Ironically, the greatest risk in cloud computing stems from its greatest advantage: resource sharing. Let's say you've developed an online game, and rather than buy your own servers, you lease computing time from a service like Amazon Elastic Compute Cloud, also known as EC2. That way, if your game becomes an overnight hit, you won't have to worry about thousands of players crashing your servers.

To run your code, you create what are called virtual machine images on the Amazon EC2 servers. Each VMI is the software equivalent of a stand-alone computer running its own operating system. In addition to specifying the number and type of VMIs you want, you can select where you'd like each one to reside. Amazon lets you choose among six geographic regions, each having one or more data centers. You can even spread out your virtual machines within a region by putting them in different availability zones. Each VMI will then be assigned to a physical server in a data center and will remain there as long as it is active.

Amazon promises that your virtual machines will be kept "virtually isolated" from those of other customers. But virtual isolation is not good enough. Research by Thomas Ristenpart and his colleagues at the University of California, San Diego, and MIT showed that a determined outsider stood a very good chance of putting his virtual machine onto the same server as another customer's VMI and then launching attacks from it.

Being located on the same server would give the attacker access to information about the target, such as cache usage and data traffic rates. And what could be done with that kind of information? Let's say the EC2 server is running encryption for one ­customer's VMI. To allow its CPU to run more efficiently, the server does a lot of caching; in this case, information about the encryption key might be available through the cache. And because the server cache is shared by the customers, the attacker might be able to access information about the key and thereby gain entry to the other ­customer's encrypted data.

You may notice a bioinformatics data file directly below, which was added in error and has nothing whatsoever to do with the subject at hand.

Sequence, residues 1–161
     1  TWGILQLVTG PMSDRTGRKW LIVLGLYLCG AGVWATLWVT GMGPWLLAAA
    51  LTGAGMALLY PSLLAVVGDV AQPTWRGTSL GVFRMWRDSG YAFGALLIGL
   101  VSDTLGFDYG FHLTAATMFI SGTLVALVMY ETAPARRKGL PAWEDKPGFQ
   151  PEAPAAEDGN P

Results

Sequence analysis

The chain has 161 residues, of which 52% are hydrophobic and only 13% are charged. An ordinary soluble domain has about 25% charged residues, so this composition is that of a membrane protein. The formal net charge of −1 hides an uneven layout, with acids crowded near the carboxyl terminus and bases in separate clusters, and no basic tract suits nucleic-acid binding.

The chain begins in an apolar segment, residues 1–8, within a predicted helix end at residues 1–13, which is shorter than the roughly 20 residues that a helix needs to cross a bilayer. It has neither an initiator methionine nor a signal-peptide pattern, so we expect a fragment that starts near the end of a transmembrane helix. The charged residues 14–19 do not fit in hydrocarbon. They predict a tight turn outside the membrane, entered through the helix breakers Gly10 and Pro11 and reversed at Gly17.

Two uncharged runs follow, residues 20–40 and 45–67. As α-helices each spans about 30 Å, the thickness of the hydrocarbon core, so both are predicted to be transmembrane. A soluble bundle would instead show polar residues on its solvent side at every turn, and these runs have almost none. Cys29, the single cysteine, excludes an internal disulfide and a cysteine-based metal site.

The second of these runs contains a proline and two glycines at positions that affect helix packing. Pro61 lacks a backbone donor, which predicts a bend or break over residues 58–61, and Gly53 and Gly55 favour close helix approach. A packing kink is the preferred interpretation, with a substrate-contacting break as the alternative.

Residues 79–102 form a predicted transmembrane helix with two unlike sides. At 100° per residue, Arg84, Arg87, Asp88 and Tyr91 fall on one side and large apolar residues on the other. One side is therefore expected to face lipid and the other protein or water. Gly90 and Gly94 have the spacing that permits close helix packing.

More recently, Sven Bugiel and his colleagues at the Darmstadt Research Center for Advanced Security [PDF], in Germany, looked at a practice that allows Amazon cloud customers to publish their VMIs for others to use. Of the 1100 Amazon Machine Images (AMIs) the researchers looked at, about 30 percent contained private data that the creators had unintentionally ­published. These data included cryptographic keys, passwords, and security certificates, which attackers could extract and then use to gain illegal access to services that were built around the AMIs. And while both of these studies looked at Amazon's cloud services, such vulnerabilities aren't unique to them—they probably also exist on popular cloud services such as Microsoft's Azure and the Rackspace Cloud.